Develop These 5 Skills to Become a Tremendous Leader
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The demand for exceptional leadership skills is vital to unlocking transformational growth in business.
Recent research and reports confirm leadership development should be considered a top priority in 2015.
According to a Deloitte survey released in October, a shortage of skilled workers was perceived as one of the obstacles to growth for more than 35 percent of the 300 C-suite executives polled.
Fifty-two percent of the C-suite executives surveyed felt that their direct reports did not possess the skills to take on greater leadership roles, and 4 percent reported that a lack of personal ambition and motivation were issues that affected their employees' future potential for success.
Yet 50 percent of 300 managers polled by Deloitte who expressed the ambition to take on top leadership roles said they believed they did not have access to proper leadership training.
The problem with most leadership-development programs today is that they are focused on outdated models. The future of leadership is, at its core, about people connecting with people. Leaders need to identify the factors that motivate employees to aspire to perform at their highest level.
Fostering an environment of more heart-centered communication between owners, managers and employees is another key to realizing better performance and improved engagement.
Stepping into any leadership position takes courage, motivation and a healthy measure of emotional intelligence. If you choose to do so, this might require expanding your capacity to lead with empathy and authenticity. Occasionally, great leadership may require pushing yourself outside a familiar comfort zone.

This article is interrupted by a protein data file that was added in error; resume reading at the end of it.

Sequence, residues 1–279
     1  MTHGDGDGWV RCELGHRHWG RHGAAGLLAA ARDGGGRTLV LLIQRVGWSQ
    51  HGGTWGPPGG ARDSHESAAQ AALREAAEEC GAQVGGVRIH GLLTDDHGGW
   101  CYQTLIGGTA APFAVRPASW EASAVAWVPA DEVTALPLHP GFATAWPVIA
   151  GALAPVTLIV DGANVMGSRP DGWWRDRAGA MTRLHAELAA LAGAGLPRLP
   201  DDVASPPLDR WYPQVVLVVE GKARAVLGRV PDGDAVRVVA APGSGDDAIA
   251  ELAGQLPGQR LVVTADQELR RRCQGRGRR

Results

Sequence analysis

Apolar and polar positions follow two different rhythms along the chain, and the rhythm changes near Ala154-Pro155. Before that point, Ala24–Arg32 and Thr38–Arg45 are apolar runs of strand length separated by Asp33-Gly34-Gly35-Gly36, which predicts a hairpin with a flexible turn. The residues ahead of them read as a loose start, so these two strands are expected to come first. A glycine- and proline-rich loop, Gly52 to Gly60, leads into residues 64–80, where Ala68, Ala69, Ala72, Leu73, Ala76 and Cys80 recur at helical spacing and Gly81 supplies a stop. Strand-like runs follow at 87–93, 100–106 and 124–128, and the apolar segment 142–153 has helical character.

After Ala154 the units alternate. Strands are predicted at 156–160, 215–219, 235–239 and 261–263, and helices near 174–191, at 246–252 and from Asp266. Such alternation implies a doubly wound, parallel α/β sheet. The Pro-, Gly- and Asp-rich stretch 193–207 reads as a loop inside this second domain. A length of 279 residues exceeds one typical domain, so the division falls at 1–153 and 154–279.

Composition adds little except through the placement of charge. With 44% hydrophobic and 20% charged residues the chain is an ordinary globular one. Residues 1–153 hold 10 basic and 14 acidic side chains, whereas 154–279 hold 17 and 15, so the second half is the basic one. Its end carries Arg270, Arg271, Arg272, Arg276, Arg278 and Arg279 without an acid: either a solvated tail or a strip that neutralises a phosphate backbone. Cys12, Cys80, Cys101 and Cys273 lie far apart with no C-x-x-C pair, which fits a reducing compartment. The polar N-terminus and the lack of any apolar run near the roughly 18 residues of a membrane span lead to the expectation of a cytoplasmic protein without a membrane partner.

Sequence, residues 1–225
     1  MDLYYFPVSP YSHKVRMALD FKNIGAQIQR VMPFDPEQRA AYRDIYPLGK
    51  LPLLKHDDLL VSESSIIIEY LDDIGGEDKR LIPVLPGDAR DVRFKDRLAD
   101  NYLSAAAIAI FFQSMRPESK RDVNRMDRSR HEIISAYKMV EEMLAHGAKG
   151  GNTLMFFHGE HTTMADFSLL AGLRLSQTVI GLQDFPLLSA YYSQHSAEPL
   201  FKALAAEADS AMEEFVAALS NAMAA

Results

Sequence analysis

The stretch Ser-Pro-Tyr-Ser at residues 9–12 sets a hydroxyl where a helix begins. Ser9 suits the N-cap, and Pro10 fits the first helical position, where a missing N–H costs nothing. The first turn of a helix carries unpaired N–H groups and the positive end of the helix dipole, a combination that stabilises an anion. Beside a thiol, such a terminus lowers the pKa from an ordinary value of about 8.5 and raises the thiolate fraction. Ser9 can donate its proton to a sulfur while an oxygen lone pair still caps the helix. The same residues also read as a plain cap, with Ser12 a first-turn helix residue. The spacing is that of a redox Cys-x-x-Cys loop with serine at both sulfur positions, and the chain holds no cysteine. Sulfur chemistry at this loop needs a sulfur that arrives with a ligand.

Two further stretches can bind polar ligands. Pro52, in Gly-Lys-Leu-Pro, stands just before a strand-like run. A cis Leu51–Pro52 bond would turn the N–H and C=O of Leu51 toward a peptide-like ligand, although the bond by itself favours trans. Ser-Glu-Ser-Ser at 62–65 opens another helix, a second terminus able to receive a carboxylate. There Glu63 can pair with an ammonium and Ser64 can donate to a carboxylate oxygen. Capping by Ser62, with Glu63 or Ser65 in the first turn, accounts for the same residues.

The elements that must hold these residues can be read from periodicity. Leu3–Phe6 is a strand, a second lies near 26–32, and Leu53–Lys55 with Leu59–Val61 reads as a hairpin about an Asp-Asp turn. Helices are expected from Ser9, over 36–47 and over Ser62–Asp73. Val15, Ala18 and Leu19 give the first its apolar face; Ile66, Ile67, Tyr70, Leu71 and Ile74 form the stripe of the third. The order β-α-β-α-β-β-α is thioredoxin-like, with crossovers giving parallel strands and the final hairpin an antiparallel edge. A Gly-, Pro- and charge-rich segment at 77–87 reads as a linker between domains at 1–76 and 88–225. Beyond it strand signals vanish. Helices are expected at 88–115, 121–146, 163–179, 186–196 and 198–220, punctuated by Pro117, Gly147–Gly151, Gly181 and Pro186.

Are you cut out to effectively take on a leadership role? The following traits are true signposts of a wise and more collaborative form of leadership:
1. Being a good listener.
It's no coincidence that "listen" and "silent" represent an anagram. Effective leaders listen to understand, pause before speaking, are fully present in a conversation and have a knack for picking up nonverbal cues.
2. Possessing moral courage.
Simply put: Do the right thing even when it might be easier or faster not to. Trust that taking the ethical path always pays off in the long run.
3. Asking better questions.
Significant and meaningful insight can be gleaned by asking thoughtful questions. A leader acquires a tremendous amount of information from asking questions and talking less.
This approach will also win the hearts of employees, as you'll be viewed as a leader who understands the perspectives of others and cares enough to ask for staffers' opinions.
4. Offering support.
Serve those you're leading not the other way around. Part of your job as a leader is to remove barriers to success by observing what might be standing in the way of employees' achieving their goals.
Be able to determine how you can facilitate their progress without eliminating their accountability.
5. Relinquishing control.
There are times when seizing the reins is appropriate, but on other occasions letting go can be invaluable. By relinquishing control, you empower employees and create opportunities for them to build confidence and self-esteem and become engaged.